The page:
Minneapolis Gears Up for COVID-19

Start washing your hands, stop touching your face. Handshakes have been replaced with elbow bumps. Avoid close contact with other humans. While the young and healthy are not at great personal risk once infected, experts are recommending social distancing to slow the spread of the coronavirus known as COVID-19. There’s no reason to hoard toilet paper or bottled water. I reacted to the increasingly dire news of a global pandemic by buying three boxes of macaroni (there were four left — you’re welcome, humanity).

Remember, you aren’t taking precautions for yourself. You’re helping to limit spread of the virus. You’re protecting hospitals from being overwhelmed far beyond their capacity to treat people who need ICU beds and ventilators:

2.4 million to 21 million people in the U.S. could require hospitalization, potentially crushing the nation’s medical system, which has only about 925,000 staffed hospital beds. Fewer than a tenth of those are for people who are critically ill.

On Friday, interim city coordinator Ruff and health commissioner Gretchen Musicant updated the City Council on the city’s COVID-19 response. The business of the city continues, says Ruff: “We will still undertake procurement process, of awarding contracts, of keeping the economy moving in a safe fashion.”

Public engagement for ongoing policy debates like the Transportation Action Plan and planning for the newly acquired Nicollet Kmart site is still happening, but not necessarily with public meetings. “We will in some ways, as staff, find this as an opportunity and a challenge to engage people in a way that’s not traditional.”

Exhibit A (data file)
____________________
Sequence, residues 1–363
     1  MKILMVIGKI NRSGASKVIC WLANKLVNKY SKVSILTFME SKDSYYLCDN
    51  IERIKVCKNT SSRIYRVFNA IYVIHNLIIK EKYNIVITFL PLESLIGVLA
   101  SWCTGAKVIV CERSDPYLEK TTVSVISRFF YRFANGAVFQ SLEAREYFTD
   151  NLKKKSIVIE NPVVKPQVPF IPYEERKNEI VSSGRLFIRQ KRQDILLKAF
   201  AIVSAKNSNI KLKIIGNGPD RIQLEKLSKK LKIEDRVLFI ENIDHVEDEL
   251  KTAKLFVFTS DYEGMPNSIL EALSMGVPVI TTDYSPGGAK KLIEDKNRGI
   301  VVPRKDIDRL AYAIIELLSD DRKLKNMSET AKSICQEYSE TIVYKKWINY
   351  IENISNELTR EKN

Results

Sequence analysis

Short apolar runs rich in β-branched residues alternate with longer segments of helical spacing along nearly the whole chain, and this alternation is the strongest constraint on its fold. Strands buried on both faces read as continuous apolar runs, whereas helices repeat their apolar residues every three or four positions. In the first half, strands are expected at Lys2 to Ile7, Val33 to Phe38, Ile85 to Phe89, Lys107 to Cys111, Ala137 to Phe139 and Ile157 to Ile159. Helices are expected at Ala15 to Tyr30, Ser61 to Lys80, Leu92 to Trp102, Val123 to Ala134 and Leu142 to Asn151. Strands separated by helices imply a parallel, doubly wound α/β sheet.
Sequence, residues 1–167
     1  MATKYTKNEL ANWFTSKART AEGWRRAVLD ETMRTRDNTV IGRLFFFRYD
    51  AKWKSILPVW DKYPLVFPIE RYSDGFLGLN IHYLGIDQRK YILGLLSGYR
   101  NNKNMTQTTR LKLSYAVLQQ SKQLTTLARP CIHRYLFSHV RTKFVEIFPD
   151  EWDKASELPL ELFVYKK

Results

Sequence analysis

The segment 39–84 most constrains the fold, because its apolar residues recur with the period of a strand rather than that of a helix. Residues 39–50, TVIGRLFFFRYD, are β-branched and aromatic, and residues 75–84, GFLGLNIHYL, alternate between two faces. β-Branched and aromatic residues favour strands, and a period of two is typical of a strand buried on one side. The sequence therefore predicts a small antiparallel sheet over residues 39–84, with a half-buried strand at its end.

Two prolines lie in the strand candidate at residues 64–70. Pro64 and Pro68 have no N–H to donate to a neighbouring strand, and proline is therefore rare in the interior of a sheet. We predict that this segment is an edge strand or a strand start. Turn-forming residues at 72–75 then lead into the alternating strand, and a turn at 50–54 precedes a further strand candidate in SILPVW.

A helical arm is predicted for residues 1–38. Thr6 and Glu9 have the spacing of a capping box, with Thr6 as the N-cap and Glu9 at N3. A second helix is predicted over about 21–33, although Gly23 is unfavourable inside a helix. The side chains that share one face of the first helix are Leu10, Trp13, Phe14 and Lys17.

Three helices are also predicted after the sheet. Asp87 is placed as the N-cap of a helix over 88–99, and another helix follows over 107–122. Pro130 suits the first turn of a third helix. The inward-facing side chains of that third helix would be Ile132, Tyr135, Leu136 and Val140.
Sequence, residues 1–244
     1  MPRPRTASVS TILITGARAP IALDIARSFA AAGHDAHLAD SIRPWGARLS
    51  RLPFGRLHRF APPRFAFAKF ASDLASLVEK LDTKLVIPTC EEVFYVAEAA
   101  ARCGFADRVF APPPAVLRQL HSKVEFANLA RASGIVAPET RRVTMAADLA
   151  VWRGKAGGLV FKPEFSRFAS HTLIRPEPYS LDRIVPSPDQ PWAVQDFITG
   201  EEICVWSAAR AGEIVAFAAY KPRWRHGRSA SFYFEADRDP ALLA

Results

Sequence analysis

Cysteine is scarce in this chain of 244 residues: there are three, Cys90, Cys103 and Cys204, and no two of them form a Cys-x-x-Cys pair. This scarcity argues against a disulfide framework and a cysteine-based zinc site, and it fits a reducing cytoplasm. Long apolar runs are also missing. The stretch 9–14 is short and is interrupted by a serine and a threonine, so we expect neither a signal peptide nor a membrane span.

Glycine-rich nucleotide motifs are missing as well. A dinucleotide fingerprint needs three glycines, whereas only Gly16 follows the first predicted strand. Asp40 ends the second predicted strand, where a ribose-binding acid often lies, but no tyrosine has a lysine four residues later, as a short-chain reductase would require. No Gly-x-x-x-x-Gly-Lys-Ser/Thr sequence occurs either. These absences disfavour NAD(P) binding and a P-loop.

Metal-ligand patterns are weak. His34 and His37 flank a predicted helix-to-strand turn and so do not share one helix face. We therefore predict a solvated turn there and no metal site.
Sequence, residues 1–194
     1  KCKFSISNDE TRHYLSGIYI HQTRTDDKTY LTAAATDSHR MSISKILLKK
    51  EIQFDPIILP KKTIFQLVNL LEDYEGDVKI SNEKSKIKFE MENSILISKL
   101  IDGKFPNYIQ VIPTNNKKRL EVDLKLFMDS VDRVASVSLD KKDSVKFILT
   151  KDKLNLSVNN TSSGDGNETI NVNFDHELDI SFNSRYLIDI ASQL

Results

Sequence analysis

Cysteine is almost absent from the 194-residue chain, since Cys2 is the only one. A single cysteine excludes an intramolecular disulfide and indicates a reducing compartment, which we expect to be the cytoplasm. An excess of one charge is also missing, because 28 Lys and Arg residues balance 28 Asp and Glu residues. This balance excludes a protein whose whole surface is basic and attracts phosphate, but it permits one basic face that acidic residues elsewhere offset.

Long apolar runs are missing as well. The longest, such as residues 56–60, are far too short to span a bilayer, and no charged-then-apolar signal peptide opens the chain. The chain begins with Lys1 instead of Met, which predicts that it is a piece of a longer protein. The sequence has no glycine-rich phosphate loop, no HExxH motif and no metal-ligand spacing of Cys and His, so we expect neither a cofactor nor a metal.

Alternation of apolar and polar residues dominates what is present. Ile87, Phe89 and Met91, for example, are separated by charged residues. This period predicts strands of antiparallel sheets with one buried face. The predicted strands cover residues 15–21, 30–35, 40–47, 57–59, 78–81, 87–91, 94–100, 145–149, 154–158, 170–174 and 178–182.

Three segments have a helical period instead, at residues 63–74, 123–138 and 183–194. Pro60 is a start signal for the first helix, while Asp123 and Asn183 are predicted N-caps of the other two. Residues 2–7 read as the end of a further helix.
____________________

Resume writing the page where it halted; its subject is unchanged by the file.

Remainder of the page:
Lisa Goodman wondered how to get people to stop “this ridiculous rush to Costco to buy pallets of water.” The city’s water supply (that serves Minneapolis and 20 nearby suburbs) is EPA-certified clean, filtered, doesn’t come into contact with humans, and isn’t the kind of highly staffed operation that’s going to be interrupted by this pandemic. The city has also stopped shutting off water service for nonpayment during the current emergency.

Council Member Andrew Johnson is fielding constituent complaints about the city’s toilet paper shortage. “I was at a Target store last night and some constituents spotted me and said this is the third store we’ve gone to to try to get toilet paper and they’re out.”

Council Member Jeremiah Ellison’s response to the shortage: “Certainly some of the lack of toilet paper and some of the hoarding is illustrating our need for more bidets in the US.”

Health commissioner Musicant said the city is working on monitoring essential supplies to ensure continuity of operation for visiting nurses and community clinics. “We think of the supplies that we all have collectively as a pool that can help fill in gaps so that we don’t have services disrupted.” The health department is also creating guidance for city staff to reuse N95 masks — often discarded after a single use — up to five times; or having firefighters enter a medical call first, leaving police outside, unmasked, unless those officers are needed.

There’s been some action to temporarily halt evictions during the crisis, as a public safety measure. It’s intended to keep people out of crowded courthouse security lines that one tenants advocate said “will kill people.” The Star Tribune writes, “Starting March 16, housing court hearings for unpaid rent and unlawful detainers are among the proceedings suspended, according to a news release late Friday.”

Andrew Johnson announced at Friday’s Council meeting that US Internet would be offering free WiFi internet to all Minneapolis residents starting early next week, to ensure equitable access to information during this health emergency.

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